Latest articles from the Innovate My School community.

For November and December, we’re bringing you Leading The Way, a series all about being an effective school leader. We’ll be publishing articles on the likes of staff wellbeing, school communities, curriculum planning, CPD and networking. Then there’s the case of edtech, which offers schools a variety of challenges and opportunities.

“To state the obvious, technology is now fully embedded in our lives,” says edtech specialist Terry Freedman. “It therefore stands to reason that a school in which technology is not part of the very fabric of the place is likely to be seen as somehow not quite part of the ‘real world’.

“Being a technology-rich school is no longer merely a ‘nice-to-have’ - it is essential. Put simply, why would anyone stay in an environment in which their job is made harder because of the lack of time and labour-saving software, if they have the choice of working in a better-equipped school?”

With this in mind, enjoy these amazing articles, which are powered by edtech solutions provider Groupcall.

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Until writing this article, I had assumed that Halloween in America and in the UK were very similar. However, it has been brought to my attention by Mr. Cain, the editor of Innovate My School, that “Americans make British Halloweens look massively understated”. This fills me with a bit of pride. It is my hope to shed light on American Halloween in education by using bits of my own experiences ...
Despite all the educational changes that have happened since I started teaching History just under a decade ago, one thing has remained a constant. Source analysis is the hardest component for students to understand. This is part of my ‘why’ in that I do not remember any lesson in Secondary, A-level or degree that asked me to develop my ability to use sources. This may be me being incredibly disingenuous, ...
The above is me after one of our training climbs - tweets intact! In my last post, on virtual reality, I wrote about how I could fly over Chicago or climb high mountains effortlessly. All you needed was Google Cardboard. Well, what do you do if you want to document a real adventure?
Young children learn through their imaginations. They experiment with the world and people around them through role play and creative activities. While this is often done individually in playtimes and at home, schools can also harness the power of creative play in classrooms to develop well-rounded pupils.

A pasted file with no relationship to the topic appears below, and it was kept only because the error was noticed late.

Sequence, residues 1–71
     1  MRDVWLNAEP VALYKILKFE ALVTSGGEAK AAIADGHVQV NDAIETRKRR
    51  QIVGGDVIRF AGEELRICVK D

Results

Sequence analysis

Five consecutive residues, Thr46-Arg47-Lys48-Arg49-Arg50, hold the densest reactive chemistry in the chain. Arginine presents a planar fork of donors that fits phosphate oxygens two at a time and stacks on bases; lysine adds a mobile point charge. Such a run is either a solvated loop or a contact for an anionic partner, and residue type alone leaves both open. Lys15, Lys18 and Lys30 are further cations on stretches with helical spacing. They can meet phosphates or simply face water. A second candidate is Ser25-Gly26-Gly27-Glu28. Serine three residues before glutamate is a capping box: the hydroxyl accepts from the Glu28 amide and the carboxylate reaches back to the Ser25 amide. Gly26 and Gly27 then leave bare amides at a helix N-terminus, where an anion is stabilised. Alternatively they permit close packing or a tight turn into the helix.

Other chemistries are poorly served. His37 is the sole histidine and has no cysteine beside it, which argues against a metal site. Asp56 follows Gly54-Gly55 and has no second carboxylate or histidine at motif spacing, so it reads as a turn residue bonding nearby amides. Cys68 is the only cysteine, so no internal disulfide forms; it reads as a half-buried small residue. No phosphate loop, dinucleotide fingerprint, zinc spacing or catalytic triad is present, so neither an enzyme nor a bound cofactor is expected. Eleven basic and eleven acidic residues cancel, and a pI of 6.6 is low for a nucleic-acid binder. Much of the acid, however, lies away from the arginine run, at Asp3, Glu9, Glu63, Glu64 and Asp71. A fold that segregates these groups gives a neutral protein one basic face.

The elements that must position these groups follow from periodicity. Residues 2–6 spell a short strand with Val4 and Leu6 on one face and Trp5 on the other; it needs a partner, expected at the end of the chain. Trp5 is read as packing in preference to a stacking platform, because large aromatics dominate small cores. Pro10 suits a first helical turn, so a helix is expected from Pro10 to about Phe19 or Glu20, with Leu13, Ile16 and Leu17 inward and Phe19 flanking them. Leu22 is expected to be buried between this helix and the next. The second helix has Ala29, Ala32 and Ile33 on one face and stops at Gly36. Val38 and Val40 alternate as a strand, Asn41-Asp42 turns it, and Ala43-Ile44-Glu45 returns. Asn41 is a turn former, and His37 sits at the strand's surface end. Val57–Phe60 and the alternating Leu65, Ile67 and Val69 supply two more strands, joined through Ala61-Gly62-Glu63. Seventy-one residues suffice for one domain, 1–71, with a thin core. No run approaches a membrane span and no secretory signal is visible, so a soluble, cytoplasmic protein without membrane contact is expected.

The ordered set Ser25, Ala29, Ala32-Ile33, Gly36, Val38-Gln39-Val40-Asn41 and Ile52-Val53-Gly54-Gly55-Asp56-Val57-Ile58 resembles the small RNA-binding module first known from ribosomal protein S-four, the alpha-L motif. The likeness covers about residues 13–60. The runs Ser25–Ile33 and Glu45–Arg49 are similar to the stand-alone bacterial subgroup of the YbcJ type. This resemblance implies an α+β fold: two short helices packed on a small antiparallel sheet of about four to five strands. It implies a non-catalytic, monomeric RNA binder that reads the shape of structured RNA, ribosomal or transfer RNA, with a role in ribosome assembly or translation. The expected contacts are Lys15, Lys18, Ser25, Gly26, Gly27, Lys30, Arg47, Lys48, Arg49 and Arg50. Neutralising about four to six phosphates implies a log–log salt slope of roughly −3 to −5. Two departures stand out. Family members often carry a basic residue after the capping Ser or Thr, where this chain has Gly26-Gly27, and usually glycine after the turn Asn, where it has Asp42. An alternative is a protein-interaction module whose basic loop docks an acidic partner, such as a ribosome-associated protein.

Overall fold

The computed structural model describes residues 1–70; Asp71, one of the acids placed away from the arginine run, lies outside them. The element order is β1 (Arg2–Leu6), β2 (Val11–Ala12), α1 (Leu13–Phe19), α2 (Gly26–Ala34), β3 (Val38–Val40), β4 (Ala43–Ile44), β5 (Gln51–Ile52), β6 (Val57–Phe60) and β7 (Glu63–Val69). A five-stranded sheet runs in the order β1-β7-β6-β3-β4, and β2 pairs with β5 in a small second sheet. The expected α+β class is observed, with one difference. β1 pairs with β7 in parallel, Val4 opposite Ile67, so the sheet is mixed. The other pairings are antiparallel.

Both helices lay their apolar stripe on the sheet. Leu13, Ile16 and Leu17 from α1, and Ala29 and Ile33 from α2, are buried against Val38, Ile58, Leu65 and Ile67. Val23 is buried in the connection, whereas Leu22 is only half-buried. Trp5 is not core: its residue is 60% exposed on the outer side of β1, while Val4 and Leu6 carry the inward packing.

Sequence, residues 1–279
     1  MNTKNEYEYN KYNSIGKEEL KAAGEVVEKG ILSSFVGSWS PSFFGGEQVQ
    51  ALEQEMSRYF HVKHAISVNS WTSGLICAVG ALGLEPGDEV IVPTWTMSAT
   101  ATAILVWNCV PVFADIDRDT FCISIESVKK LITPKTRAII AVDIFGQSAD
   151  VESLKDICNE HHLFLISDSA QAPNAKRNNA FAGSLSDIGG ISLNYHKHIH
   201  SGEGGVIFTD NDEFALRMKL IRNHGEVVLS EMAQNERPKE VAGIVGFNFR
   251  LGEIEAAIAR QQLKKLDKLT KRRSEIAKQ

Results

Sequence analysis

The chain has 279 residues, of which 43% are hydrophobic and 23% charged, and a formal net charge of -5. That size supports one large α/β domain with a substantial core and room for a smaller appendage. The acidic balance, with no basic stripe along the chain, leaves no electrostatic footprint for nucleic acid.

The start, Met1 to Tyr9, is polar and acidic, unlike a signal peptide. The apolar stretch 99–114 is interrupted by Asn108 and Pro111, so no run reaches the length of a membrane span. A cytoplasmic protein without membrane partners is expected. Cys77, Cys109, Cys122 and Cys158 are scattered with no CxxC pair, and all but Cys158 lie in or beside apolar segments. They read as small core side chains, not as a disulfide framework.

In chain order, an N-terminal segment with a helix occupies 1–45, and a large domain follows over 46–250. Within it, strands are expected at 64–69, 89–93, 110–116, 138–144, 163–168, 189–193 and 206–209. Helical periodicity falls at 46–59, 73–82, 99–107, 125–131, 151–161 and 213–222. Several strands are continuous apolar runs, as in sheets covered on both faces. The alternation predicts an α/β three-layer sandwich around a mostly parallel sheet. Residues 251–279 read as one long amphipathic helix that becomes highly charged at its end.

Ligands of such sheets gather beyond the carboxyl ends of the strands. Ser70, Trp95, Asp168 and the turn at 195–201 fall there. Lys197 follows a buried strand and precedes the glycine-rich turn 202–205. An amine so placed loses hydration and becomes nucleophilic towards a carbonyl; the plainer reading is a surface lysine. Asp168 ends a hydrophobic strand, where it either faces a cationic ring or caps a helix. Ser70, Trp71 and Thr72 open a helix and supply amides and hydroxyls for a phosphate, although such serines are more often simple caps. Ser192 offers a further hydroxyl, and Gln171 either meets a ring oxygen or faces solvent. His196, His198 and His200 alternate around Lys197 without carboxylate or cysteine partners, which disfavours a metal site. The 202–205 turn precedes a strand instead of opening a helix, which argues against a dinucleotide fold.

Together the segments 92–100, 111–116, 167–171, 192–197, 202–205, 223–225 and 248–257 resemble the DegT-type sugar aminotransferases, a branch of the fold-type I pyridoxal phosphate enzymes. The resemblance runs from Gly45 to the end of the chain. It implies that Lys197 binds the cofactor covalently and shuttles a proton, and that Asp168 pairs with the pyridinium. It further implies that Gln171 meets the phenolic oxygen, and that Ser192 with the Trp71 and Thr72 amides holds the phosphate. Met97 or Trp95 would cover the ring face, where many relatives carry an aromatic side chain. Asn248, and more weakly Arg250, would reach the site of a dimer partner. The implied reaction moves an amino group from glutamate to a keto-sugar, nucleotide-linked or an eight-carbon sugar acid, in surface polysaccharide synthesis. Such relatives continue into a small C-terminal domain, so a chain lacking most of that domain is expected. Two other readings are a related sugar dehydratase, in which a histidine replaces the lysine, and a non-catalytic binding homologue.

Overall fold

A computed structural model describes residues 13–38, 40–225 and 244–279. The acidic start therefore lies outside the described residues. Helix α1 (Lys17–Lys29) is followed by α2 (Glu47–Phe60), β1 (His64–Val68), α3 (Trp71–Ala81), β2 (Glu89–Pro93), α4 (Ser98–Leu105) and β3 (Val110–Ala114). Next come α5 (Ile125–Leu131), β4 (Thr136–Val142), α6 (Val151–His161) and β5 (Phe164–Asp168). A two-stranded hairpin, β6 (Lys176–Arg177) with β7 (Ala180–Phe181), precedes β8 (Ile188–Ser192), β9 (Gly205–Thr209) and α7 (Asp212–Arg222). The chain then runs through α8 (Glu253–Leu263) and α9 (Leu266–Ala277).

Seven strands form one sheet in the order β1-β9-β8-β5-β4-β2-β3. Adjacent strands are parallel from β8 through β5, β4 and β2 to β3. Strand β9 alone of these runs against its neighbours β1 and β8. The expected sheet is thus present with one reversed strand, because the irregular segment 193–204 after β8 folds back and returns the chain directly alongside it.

At the latest British Educational Suppliers Association (BESA) and Publishers Association Conference, Nick Gibb MP highlighted the importance of high-quality curriculum resources, citing results from the annual PISA reports, which showed that high-performing countries including Singapore and Finland, make far more use of textbooks in the classroom. The UK, on the other hand, has a thriving edtech market. So how can teachers utilise the combined power of the textbook and ...
The standards of a pupil’s literacy should, in my opinion, be not only measured by how adept they are at reading written texts, but also their ability to read media texts, too, especially in this case film. However, when the 2016 Programmes of Study for English were published, all mention of film, indeed of most media texts, had vanished and instead we were handed a throwback curriculum full of, well, ...
One thing that always interested me about History was the growing realisation that even the supposedly simplest and most straightforward facts are quite often shrouded in a mystifying narrative; a trail of sources that leaves the true story open to a range of opposing interpretations and outcomes. Whilst we may think we have answered all the questions and arrived at the correct conclusions about the sequences of events, a differing ...
Around five years ago, a colleague suggested I set up a teacher account on Twitter. I was reluctant at first, anxious about the implications of having an open profile as a teacher. Now I am a self-confessed teacher tweep, using Twitter for free CPD, connecting with colleagues around the world, sharing good practice and organising events for teachers. I also have a class Twitter account, which I’ve used to ...
Today, I visited Chicago, a beautiful city. I also climbed Zermatt in Switzerland, and later took part in a study on sharks swarming over a wreck in the ocean. My equipment was quite simple: a smartphone, two little lenses, some cardboard and an elastic. Pretty simple, but ingenious. A virtual reality experience through Google Cardboard.
I’m teaching the new GCSE English specification for the first time this year and I’m not going to lie, I’m pretty nervous about it. The rest of my department have had a year to get to grips with it all and fine tune it, so while I’m getting what I can from them, I also need to make it work for the students in front of ...
Growing up in a small Kent village as I did, I experienced the wonders of the countryside and the fresh open air. I was lucky that almost every day I spent playing in fields, climbing trees, kicking a ball and experiencing the sights, smells and feel of the great outdoors. In turn, my children and their friends all were able to do the same, always out and about in puddles, ...
Forget Facebook, for which all your students probably already have accounts. In the social stratosphere there’s a new kid in town that has stolen the show from the likes of Facebook and Twitter, and that’s Instagram. Launched in 2010, this photo-sharing app lets users publish their own exclusively square snaps for their followers to ‘like’ and ‘share’, and it’s safe to say it’s been a big hit ...

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